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Alexander Ayoub

Douma: 'Even the corpses cannot rest in this city'

Much of Douma's landscape is now strewn with rubble [AFP/Getty]

Date of publication: 12 February, 2015

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Feature: This Syrian town used to be a thriving hub of 700,000 people. Now its inhabitants are veterans of chemical weapons attacks, barrel bombs and airstrikes.
It was in Douma that the late Syrian president Taj al-Din al-Hussein famously refused to meet the French general, Gouraud. For Douma was the city that embraced the Syrian revolt against the French colonial masters until 1946.

Today, Douma is at the centre of the revolution against Bashar al-Assad. Its people are mostly farmers, stubborn and fond of tradition and of their religion - there are more than 80 mosques in the city.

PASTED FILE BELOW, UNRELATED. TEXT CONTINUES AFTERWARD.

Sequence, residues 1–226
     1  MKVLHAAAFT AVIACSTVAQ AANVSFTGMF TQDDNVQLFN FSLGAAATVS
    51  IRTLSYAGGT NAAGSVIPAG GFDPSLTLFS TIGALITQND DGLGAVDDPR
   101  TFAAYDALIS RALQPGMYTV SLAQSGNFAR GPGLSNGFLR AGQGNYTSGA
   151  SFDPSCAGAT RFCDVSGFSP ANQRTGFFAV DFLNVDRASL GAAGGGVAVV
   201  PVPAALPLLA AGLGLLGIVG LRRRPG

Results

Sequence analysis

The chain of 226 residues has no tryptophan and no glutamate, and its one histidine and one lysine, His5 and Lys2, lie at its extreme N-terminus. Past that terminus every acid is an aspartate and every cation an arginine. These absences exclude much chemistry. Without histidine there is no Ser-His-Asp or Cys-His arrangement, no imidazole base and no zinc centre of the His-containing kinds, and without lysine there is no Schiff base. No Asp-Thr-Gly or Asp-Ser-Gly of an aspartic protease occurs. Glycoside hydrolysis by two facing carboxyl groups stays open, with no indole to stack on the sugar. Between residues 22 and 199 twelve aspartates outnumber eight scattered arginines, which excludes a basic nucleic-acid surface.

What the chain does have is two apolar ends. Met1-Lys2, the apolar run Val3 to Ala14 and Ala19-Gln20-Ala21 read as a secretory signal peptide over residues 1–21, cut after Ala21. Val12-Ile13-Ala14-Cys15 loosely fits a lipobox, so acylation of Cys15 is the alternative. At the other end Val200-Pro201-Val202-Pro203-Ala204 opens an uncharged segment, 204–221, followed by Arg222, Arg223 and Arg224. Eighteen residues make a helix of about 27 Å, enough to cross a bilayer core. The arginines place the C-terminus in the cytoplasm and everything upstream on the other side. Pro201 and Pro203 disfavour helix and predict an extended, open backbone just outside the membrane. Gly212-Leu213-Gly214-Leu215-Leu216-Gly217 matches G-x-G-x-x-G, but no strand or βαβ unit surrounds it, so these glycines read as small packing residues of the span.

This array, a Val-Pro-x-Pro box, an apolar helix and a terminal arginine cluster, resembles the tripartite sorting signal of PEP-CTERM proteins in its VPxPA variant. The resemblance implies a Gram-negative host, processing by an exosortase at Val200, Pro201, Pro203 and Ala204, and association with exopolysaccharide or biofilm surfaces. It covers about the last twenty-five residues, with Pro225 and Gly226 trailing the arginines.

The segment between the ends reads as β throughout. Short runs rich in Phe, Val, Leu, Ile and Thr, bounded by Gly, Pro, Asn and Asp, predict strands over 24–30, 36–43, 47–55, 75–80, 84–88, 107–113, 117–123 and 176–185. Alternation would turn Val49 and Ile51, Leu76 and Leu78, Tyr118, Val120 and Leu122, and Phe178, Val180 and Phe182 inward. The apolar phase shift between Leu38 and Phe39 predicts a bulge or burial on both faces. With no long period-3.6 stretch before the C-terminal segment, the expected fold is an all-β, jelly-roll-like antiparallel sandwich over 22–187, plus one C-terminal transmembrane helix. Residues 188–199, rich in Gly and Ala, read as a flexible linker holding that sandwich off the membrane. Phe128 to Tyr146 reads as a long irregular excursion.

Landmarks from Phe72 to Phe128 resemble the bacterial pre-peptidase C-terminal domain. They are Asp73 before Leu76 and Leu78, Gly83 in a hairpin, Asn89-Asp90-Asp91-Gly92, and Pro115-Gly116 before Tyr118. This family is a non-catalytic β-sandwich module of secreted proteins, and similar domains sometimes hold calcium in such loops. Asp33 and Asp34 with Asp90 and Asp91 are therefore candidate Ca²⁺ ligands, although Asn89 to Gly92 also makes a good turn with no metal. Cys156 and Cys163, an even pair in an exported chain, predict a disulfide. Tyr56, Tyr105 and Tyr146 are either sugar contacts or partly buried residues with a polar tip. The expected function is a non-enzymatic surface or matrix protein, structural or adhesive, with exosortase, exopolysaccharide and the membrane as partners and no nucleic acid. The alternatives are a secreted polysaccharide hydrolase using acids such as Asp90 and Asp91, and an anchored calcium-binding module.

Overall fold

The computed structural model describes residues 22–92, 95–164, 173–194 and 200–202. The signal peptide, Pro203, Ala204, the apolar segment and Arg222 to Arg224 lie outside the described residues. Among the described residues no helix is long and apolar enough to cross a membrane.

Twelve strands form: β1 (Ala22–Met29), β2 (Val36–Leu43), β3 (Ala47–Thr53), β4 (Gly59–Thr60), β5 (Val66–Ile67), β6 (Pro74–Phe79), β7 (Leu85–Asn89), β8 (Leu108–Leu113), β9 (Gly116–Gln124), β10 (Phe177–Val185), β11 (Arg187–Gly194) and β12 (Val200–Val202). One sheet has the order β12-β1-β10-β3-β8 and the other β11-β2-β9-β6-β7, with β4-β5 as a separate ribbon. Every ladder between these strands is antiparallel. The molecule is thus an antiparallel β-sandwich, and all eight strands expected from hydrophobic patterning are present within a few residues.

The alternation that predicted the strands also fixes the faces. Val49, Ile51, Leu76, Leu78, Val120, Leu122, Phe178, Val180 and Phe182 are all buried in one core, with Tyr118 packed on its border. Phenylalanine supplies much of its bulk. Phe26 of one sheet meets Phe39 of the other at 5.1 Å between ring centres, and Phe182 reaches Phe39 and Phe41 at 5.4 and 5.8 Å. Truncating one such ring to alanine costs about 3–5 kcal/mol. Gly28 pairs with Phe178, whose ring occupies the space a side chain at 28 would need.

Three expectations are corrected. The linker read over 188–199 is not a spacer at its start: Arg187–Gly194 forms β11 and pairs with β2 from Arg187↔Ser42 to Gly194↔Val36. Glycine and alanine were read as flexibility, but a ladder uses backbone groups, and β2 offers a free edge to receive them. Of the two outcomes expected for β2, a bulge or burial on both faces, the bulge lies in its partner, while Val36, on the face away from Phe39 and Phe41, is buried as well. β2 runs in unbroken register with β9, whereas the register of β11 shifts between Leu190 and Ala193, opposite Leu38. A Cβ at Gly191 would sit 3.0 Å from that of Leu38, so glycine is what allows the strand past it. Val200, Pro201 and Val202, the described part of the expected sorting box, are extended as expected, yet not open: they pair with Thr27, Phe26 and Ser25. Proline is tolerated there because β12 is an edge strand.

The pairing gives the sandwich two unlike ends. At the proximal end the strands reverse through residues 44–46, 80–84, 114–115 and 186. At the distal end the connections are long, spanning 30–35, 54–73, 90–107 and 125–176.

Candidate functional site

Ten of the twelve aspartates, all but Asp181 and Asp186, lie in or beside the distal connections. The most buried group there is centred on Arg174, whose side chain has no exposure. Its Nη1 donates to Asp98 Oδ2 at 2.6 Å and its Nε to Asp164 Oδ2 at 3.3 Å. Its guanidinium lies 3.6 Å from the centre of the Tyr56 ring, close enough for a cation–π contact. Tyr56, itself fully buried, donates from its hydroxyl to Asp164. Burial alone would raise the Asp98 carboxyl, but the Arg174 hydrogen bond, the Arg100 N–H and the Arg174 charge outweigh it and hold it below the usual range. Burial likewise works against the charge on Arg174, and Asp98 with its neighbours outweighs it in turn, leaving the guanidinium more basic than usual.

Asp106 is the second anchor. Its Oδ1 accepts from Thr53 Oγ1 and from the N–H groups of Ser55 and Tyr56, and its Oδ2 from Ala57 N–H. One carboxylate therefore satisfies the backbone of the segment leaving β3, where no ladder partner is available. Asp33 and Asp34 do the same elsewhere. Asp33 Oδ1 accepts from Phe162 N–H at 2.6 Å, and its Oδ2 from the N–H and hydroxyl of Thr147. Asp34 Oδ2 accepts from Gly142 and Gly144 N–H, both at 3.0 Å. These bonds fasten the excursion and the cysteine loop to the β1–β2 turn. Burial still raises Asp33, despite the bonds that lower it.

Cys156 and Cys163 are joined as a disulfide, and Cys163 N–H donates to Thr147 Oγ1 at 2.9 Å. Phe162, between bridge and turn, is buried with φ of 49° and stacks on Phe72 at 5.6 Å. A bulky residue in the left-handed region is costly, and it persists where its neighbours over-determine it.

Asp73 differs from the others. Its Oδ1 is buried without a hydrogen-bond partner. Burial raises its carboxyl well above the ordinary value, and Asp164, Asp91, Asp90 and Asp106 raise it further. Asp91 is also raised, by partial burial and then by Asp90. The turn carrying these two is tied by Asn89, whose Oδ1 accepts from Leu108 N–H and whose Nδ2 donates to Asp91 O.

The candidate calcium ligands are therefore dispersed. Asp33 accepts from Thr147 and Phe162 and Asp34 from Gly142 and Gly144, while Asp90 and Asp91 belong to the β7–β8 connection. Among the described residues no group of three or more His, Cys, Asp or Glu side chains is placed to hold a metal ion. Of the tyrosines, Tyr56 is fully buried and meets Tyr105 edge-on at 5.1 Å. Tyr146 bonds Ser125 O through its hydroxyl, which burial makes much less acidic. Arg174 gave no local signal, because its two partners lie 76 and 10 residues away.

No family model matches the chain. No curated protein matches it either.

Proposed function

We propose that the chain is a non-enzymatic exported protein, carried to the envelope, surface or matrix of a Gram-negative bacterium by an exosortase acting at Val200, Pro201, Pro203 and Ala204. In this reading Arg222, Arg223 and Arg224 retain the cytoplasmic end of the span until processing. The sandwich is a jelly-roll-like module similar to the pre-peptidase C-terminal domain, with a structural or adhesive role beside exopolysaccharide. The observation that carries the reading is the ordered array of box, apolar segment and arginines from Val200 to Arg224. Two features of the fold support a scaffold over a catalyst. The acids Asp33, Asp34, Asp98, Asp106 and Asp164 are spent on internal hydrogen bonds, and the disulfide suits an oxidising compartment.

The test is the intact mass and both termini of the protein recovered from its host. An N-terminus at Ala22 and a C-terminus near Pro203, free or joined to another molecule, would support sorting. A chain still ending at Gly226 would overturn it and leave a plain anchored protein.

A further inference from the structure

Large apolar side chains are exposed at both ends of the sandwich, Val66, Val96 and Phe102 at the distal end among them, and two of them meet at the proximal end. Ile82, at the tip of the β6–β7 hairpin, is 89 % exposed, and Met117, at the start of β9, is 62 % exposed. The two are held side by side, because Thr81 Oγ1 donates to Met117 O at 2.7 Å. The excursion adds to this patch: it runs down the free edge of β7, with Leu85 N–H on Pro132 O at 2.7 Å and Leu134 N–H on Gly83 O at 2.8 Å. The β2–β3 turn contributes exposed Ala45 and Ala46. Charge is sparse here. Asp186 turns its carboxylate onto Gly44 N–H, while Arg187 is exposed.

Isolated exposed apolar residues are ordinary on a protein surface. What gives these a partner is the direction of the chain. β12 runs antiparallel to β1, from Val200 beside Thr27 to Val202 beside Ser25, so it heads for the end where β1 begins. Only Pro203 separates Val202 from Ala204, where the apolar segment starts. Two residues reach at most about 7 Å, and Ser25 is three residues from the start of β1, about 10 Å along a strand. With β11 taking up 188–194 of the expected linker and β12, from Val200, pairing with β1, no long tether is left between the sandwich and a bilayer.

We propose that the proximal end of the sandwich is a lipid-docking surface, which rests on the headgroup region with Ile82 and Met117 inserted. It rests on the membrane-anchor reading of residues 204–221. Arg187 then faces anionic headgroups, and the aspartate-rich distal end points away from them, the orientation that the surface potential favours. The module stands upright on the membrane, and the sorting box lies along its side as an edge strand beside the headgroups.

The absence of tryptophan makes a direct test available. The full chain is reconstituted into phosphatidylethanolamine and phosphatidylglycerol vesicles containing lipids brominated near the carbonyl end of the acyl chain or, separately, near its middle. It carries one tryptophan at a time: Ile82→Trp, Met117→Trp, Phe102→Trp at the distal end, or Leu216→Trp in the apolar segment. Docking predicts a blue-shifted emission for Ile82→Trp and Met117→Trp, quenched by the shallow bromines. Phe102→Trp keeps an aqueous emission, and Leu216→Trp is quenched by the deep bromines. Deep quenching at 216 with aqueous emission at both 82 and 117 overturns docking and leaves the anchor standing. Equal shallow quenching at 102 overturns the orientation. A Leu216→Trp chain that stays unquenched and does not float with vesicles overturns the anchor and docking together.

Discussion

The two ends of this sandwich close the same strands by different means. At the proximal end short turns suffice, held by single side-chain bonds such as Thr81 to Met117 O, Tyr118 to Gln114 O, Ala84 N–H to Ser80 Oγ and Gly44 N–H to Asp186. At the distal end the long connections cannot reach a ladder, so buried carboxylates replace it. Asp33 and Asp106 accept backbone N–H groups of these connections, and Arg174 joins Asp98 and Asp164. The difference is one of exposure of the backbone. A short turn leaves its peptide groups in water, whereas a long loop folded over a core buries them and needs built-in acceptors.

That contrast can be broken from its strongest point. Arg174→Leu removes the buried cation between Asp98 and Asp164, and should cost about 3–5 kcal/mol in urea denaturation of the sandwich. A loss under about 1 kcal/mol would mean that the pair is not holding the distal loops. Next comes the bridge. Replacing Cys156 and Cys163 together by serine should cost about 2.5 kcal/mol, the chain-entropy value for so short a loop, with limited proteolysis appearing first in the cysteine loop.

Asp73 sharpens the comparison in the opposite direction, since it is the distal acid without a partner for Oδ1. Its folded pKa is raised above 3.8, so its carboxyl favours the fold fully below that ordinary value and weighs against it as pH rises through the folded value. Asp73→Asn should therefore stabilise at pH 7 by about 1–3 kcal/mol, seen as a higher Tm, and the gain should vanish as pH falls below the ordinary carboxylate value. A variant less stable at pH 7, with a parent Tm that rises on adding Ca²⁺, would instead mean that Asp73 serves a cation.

For those reasons, Douma still stands as a beacon of the original revolution - the city has withstood two years of siege by the regime, and refused to allow foreign fighters to take over from locals.

The Islamic Front, an umbrella organisation which opposes both the regime and foreign fighters, is active in Douma. Most rebels are from the city, and fiercely defend their home turf.

"The geographical location of Douma, the threat it poses being close to the capital Damascus, and the nature of its people have haunted the regime and prompted it for two years to spare no means trying to enter it," an Islamic Front commander told al-Araby al-Jadeed.


Syrian regime steps up aerial assault on Douma. Click here to read the latest.


Douma is a strategic gateway to Eastern Ghouta, the agricultural belt surrounding Damascus. It is around 10km to the north-east of Damascus and is considered the centre of the Damascus Countryside governorate.

The city was among the first to erupt against Bashar al-Assad in 2011. Its central Grand Mosque hosted the first sit-ins of the revolution, and many protesters were killed as Syrian forces moved in to break them up.